Despite its bizarre poster precursor, Woman's Day, which was yesterday, was actually quite lovely. In fact, I firmly believe there should be more days like it: a holiday your counterpart tells you about the day before so you get a surprise day off to be showered with love via texts and vittles all day. Perfect holiday? I do believe so.
Woman's Day started the night before with an opening for a local branch of the Mongolian chain World Wines. I was glad to be leaving work; I had been fighting for over two hours to be heard teaching above the din of drunk librarians singing. I set off at 6:00 for the fancy, new restaurant in town where my Mongolian friend had invited me to her gala-esque opening of World Wines. It's incredible how fast Mongolia is growing and changing. When I first got here there's no way there would be a wine store in town, and with so many people in attendance. Though I was late, once I reached the venue it was a lovely evening. Rather impressive with lots of wine-food pairings (who knew huushuur went so well with a robust red?), there was dancing, a wine lecture and even a recognition of all the mothers present after some pot-bellied fellow decided to sing a song for his mom. A little blushed and very happy, I took up dancing with a group of emes and we boogied until the party closed down.
The next morning was a slow one. At noon-ish I finally got around to making whole wheat buttermilk pancakes with walnuts topped with cinnamon-peach compote alongside a big ole mug of fresh coffee for myself and a friend who was starved after early morning ice skating. Then all the foreigners met up for a walk out to the river. It was a beautiful day, albeit a bit cold with the wind blowing off the steppe. The wind rippled the little rivulets flowing over the frozen river which made for a beautiful site. The sun warmed my face, reflecting off the ice, slush and snow and I welcomed its rays with my chin lifted upwards. My friends and I played on the ice, tossed the frisbee around and lounged on the little foot bridge in the sun. It's moments like those, ones when I am among friends with the sun warming my skin and surrounded by breathtaking scenery, that I know I will miss Mongolia dearly. Those moments don't exist anywhere else. But though the sun is warm again, it still sets early and the boys had plans for the night. Next, us ladies reclined and joked while our male homies bustled about cooking dinner for us. We went to Tserenkhlam's house where all the male PCV's, our Swiss dudes and Tserenkhlam's sons labored over a feast of spaghetti, tuna pasta salad, homemade bread and a green salad accompanied by appetizers, fancy wine, cupcakes and brownies to honor the ladies. Half ironically and half in earnest, the boys didn't let us lift a single finger, eagerly filling our glasses and serving us first. I even managed to finagle an end-of-the-night belly rub out of Ned. And even though a typical Mongolian stir-fry with potatoes and cabbage was the base of our spaghetti sauce, it was a truly wonderful meal cooked with love.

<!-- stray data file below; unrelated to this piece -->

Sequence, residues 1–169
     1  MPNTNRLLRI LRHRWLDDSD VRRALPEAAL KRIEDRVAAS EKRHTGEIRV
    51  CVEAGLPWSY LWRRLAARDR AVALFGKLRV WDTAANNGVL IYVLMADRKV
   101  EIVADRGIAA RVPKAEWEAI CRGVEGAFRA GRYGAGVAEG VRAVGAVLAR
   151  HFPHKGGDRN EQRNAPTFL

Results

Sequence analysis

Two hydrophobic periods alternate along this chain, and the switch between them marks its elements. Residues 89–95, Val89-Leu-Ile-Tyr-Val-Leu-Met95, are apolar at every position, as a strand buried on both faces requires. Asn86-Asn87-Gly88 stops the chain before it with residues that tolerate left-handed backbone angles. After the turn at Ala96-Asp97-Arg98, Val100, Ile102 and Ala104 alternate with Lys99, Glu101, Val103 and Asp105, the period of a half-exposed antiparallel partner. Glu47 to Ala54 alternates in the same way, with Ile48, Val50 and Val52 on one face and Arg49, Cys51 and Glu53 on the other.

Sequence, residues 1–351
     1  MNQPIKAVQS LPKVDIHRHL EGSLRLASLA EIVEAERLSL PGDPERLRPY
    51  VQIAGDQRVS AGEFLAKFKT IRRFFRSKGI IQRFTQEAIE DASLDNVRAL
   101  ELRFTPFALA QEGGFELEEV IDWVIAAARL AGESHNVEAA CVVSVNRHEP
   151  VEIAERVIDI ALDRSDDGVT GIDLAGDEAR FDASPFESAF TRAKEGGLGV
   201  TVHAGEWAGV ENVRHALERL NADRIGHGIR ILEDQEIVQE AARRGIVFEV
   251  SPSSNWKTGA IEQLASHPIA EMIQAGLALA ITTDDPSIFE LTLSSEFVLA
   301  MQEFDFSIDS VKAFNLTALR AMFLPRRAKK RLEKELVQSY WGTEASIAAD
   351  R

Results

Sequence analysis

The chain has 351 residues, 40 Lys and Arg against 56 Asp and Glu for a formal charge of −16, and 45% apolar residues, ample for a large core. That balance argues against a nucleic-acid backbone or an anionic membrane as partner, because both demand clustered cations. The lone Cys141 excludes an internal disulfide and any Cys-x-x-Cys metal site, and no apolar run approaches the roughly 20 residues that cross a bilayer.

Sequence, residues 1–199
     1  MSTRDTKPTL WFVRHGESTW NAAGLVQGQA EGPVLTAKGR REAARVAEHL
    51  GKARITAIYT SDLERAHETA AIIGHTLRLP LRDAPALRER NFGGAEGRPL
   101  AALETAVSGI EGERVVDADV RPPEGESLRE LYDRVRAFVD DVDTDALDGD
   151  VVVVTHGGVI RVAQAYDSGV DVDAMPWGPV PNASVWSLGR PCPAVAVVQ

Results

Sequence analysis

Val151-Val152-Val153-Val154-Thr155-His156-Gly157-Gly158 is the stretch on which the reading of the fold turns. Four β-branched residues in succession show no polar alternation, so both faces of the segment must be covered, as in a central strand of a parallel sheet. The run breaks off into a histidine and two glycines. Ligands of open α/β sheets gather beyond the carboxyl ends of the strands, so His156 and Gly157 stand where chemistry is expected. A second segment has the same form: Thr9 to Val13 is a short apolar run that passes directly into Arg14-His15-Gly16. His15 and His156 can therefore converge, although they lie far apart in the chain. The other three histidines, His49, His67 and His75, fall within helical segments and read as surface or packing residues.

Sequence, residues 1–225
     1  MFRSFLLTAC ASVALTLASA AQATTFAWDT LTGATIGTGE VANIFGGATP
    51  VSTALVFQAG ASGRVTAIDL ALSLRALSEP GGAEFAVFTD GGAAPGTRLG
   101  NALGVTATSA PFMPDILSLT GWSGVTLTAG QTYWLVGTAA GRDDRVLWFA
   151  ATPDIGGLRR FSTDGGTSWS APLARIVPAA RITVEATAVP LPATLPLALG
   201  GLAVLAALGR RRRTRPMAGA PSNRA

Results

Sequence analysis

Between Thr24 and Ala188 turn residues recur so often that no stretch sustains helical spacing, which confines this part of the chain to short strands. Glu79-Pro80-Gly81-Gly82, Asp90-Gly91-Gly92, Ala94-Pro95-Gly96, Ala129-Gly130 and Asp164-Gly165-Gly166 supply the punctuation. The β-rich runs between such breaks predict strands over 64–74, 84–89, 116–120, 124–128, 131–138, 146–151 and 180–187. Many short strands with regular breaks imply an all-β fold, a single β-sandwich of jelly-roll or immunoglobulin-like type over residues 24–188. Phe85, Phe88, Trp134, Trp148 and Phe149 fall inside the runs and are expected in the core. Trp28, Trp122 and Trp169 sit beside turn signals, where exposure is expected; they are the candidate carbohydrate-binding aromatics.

Compared to it's American equivalent Mother's Day, Woman's Day has relatively low requirements as to who gets accolades. But I'm ok with that. I put relatively little effort into being a woman here, certainly much less time and energy than I put into being lady-like in America, but it was wonderful to be honored anyway. I got texts literally all day from friends and students and went to bed feeling really special after starting out the holiday somewhat skeptical. So happy Woman's Day, ladies. Embrace it! I hope you have wonderful men in your life to make you 6 different kinds of carbs and rub your belly after you've eaten them all.